Today’s tea is Japanese green tea. I’m drinking it from one of the little blue and white polka dot cups I received as a gift on my first visit to Japan with my sister and her then fiancé, who is Japanese. The warm grassy scent of the tea reminds me of that first visit to Yoshi’s family’s home on a small fishing island on the Inland Sea.
Preparing for this afternoon’s tea break, I put my lemon cookies and Dove chocolate on the blue and white dishes painted with images of Mount Fuji, which my sister, who by then had moved to Japan, gave me as a gift some years back.
Thinking of my sister I decide to decorate the table with the Lakshmi postcard she sent me, from Japan, this winter for my birthday. Coincidentally, This morning in my yoga class the teacher introduced the theme of giving and receiving abundance, pointing to a tapestry of Lakshmi as a visual aid.
In this case, I created a sense of synchronicity*. I consciously set up the echoing symbolism of Japanese tea, memories, and the Hindu goddess that my yoga teacher mentioned, and my sister had sent me an image of.
But lately, the synchronicities have been finding me. My dreams for example, have been dropping funny coincidences into my lap, at least once a day for the past week or so.
For example, last night I dreamed of a former colleague, whose name, I just realized, is the same as my sister’s. I ran into her this morning at the pricy health food grocery store, where I rarely shop. I’d just gone in to buy a bottle of vitamins, but accidentally turned down the diaper aisle instead. Since my “baby” is fully grown, I had no real business in that aisle. Except that that’s where I ran right into J., who was shopping with her adorable toddler.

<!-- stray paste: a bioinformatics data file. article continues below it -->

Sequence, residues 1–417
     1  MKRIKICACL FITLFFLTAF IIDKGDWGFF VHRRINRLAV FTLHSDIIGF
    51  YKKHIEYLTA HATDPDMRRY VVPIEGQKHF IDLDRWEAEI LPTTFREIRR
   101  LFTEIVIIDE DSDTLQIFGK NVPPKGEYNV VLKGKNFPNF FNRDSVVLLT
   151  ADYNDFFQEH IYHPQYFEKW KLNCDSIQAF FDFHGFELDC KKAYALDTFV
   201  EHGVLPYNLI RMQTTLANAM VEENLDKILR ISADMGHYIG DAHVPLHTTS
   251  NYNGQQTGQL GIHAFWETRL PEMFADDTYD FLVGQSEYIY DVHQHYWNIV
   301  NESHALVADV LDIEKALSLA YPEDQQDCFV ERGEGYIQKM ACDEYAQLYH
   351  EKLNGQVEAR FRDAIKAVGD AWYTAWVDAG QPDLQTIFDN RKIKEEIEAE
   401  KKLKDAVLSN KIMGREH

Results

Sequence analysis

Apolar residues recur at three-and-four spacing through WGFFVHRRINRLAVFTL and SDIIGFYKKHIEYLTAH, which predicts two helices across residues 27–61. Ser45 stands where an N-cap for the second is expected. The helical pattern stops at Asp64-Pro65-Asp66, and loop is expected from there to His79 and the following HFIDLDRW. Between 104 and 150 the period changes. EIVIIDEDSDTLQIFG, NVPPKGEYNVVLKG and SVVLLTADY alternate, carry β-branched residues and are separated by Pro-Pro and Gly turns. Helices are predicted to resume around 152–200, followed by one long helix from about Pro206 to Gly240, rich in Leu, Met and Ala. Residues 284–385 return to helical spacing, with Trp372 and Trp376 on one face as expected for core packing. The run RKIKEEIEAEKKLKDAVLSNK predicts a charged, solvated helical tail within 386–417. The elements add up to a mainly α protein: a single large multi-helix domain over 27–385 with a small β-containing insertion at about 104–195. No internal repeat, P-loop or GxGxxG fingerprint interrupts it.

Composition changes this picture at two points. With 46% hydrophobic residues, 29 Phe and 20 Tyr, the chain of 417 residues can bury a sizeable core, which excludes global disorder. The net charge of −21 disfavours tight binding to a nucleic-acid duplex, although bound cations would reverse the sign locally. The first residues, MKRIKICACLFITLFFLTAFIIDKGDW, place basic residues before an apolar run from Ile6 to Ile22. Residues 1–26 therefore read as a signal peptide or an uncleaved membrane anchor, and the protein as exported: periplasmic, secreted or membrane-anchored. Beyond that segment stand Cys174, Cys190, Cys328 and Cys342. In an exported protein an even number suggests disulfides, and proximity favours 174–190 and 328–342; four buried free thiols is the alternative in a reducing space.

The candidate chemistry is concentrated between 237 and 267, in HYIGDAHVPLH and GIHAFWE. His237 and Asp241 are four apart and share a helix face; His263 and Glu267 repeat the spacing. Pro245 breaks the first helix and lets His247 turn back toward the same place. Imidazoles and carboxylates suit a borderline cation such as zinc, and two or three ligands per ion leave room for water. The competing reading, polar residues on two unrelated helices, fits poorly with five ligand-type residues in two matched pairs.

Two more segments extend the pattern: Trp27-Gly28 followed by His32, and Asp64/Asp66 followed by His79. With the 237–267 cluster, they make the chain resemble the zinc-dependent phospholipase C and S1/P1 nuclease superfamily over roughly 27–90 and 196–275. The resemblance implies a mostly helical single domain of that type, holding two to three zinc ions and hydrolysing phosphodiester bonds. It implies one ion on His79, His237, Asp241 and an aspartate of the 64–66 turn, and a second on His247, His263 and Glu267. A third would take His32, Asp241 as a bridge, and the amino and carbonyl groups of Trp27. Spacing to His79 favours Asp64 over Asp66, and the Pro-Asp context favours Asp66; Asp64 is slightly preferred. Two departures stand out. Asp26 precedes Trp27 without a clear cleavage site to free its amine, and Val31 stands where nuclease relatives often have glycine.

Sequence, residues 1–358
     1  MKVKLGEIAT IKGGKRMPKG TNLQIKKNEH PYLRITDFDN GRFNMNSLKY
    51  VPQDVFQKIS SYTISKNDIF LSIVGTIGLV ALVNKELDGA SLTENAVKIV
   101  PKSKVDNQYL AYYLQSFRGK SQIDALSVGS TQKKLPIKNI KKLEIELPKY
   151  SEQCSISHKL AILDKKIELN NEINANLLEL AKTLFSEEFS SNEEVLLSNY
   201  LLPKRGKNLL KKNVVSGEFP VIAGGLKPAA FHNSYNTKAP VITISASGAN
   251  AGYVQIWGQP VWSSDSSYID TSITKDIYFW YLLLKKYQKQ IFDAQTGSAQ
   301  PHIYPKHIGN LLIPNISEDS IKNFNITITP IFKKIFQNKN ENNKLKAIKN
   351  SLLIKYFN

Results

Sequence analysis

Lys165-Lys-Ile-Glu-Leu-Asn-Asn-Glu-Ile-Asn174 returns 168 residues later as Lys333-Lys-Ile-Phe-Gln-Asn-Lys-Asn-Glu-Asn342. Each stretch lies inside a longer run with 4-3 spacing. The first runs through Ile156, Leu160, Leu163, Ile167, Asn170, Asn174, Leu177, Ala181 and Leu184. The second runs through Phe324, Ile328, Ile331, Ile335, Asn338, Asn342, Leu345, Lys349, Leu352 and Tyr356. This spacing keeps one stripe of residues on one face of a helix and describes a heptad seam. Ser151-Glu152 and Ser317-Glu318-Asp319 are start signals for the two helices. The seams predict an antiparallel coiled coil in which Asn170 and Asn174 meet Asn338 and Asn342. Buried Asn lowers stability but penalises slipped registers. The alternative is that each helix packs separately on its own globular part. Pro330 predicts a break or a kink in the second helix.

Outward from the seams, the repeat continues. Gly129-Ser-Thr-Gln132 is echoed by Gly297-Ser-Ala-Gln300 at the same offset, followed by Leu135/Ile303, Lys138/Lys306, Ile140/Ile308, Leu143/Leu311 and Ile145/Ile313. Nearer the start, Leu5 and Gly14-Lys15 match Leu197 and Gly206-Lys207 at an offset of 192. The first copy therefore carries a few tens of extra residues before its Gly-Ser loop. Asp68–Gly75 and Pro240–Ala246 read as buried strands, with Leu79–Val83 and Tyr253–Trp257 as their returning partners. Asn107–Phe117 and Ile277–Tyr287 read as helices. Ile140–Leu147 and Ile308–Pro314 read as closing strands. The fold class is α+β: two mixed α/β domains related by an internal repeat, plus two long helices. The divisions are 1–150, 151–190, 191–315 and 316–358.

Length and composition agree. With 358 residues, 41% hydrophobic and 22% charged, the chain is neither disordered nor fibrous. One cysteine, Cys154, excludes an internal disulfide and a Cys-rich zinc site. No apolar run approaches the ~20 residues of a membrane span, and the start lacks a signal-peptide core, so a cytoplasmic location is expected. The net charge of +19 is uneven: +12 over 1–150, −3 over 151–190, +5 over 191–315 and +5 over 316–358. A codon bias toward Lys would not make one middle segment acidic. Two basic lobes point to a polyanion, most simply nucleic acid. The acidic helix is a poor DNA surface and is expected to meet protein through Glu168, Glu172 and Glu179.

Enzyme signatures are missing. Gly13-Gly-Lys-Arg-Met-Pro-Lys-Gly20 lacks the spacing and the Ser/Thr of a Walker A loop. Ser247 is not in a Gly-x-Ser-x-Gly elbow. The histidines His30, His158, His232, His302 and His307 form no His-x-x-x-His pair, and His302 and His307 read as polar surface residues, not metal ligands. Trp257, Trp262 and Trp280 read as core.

“I was just thinking of you!” J., exclaimed when our grocery carts nearly collided.
“Of course you were,” I said, because these days that’s just how things have been going. Mind you, I can’t recall ever having dreamed of J. before, we haven’t been in touch in well over a year, and have maybe run into each other one other time in the 3 or 4 years since she stopped working in the same school where I still teach.
I won’t even mention the next coincidence today, when I jotted down the name of an acquaintance, one who has never before called me, but who … within three minutes of my writing her name on a Post-it because I wanted to invite her and a mutual friend to tea … called me. We haven’t communicated with one another since Thanksgiving, and I don’t believe she’s ever phoned me before. Hmmm.
Still, I’m skeptical of such things as synchronicty, precognition and other extraordinary phenomena. But because I experience these things, perhaps too often to consider co-incidental, I have to take pause and consider.
I take comfort in the fact that Carl Jung, who was trained as a scientist, believed whole-heartedly in sychronicity.
In Memories, Dreams, Reflections, Jung writes, “The unconscious helps by communicating things to us, or making figurative allusions. It has other ways, too, of informing us of things which by all logic we could not possibly know. Consider synchronistic phenomena, premonitions, and dreams that come true.” (p. 302)
How I would love to sit down to tea with Dr. Jung and talk all of this over.
“The collective unconscious is common to all; it is the foundation of what the ancients called the ‘sympathy of all things.’ ” –Carl Jung, Memories, Dreams, Reflections, p. 138.
*synchronicity |ˌsi ng krəˈnisitē| noun 1 the simultaneous occurrence of events that appear significantly related but have no discernible causal connection : such synchronicity is quite staggering. ORIGIN 1950s: coined by C. G. Jung.